Apple’s challenge with the Watch will be even greater. 5G modems’ thirst for battery power will seriously impact the way they can be used in compact wearables such as a smartwatch. The modem chip–likely made by Qualcomm–will have to run with even greater efficiency than it will in a phone. And as it did with the Apple Watch’s 4G connection, Apple may have the Apple Watch opt for 5G only if it can’t connect via Wi-Fi or by piggybacking on the iPhone’s connection. If the Watch does resort to 5G, it may carefully manage inbound and outbound data to ensure that its battery doesn’t croak by early afternoon rather than lasting a full day.

For me, the test for the Apple Watch has always been this: Which of these things would you never leave the house without–your keys, your smartwatch, or your smartphone? The answer, today, would likely be your keys and your smartphone. But the answer will one day likely change to your keys and your smartphone or your smartwatch. (Actually, your watch could one day take the place of your keys, too.) The Apple Watch will become functional enough to serve as a go-to personal computing device for some users.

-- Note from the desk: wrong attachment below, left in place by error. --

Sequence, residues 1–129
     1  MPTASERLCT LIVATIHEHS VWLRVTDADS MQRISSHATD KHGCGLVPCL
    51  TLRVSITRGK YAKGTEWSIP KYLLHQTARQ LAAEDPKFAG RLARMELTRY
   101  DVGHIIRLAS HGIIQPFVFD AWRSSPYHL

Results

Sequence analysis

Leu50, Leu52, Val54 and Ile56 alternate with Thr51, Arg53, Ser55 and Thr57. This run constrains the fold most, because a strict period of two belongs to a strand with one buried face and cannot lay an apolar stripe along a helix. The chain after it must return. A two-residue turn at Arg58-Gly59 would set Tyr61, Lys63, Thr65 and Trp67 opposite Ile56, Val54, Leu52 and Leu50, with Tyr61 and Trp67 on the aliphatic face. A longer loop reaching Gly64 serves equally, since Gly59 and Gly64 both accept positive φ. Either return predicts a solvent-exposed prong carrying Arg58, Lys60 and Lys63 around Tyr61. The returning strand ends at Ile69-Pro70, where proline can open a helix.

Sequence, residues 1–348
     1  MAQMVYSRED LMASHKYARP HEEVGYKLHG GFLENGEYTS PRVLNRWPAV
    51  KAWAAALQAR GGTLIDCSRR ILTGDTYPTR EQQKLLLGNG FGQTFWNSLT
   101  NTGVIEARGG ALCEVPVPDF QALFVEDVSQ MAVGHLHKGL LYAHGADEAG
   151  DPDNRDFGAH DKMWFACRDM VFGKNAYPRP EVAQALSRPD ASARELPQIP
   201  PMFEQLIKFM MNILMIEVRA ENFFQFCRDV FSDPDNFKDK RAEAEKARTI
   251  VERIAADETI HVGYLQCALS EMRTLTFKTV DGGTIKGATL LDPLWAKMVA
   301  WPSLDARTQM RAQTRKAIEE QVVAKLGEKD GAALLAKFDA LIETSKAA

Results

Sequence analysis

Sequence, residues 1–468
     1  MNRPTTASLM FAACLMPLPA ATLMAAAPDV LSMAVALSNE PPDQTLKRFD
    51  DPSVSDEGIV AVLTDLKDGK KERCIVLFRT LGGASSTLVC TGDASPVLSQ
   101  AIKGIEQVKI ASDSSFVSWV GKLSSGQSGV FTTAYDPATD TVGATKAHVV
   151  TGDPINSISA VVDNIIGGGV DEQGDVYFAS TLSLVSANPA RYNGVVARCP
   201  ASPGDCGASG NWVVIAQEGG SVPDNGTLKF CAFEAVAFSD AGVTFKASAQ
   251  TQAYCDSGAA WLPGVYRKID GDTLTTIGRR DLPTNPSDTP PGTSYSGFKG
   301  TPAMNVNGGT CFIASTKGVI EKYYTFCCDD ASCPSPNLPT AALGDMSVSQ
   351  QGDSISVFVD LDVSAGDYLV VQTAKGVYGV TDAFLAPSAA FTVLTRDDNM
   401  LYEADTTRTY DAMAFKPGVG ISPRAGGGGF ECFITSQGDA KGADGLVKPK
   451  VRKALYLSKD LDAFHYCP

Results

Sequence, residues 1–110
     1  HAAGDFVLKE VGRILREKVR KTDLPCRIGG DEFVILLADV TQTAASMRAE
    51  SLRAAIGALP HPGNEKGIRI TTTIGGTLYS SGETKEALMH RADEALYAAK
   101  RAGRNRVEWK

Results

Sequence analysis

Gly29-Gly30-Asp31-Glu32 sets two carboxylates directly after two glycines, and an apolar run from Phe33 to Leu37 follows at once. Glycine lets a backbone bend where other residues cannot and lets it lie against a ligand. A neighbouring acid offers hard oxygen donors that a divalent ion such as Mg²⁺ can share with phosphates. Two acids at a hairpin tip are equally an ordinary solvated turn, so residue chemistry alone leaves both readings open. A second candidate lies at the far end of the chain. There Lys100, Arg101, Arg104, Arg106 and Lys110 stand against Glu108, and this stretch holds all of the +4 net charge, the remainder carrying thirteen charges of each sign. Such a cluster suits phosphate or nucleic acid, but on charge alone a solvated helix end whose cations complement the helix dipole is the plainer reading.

The new App Store we’ll likely see Monday points in that direction, and 5G may be the thing that finally gets us all the way there.

About the author

Fast Company Senior Writer Mark Sullivan covers emerging technology, politics, artificial intelligence, large tech companies, and misinformation. An award-winning San Francisco-based journalist, Sullivan's work has appeared in Wired, Al Jazeera, CNN, ABC News, CNET, and many others.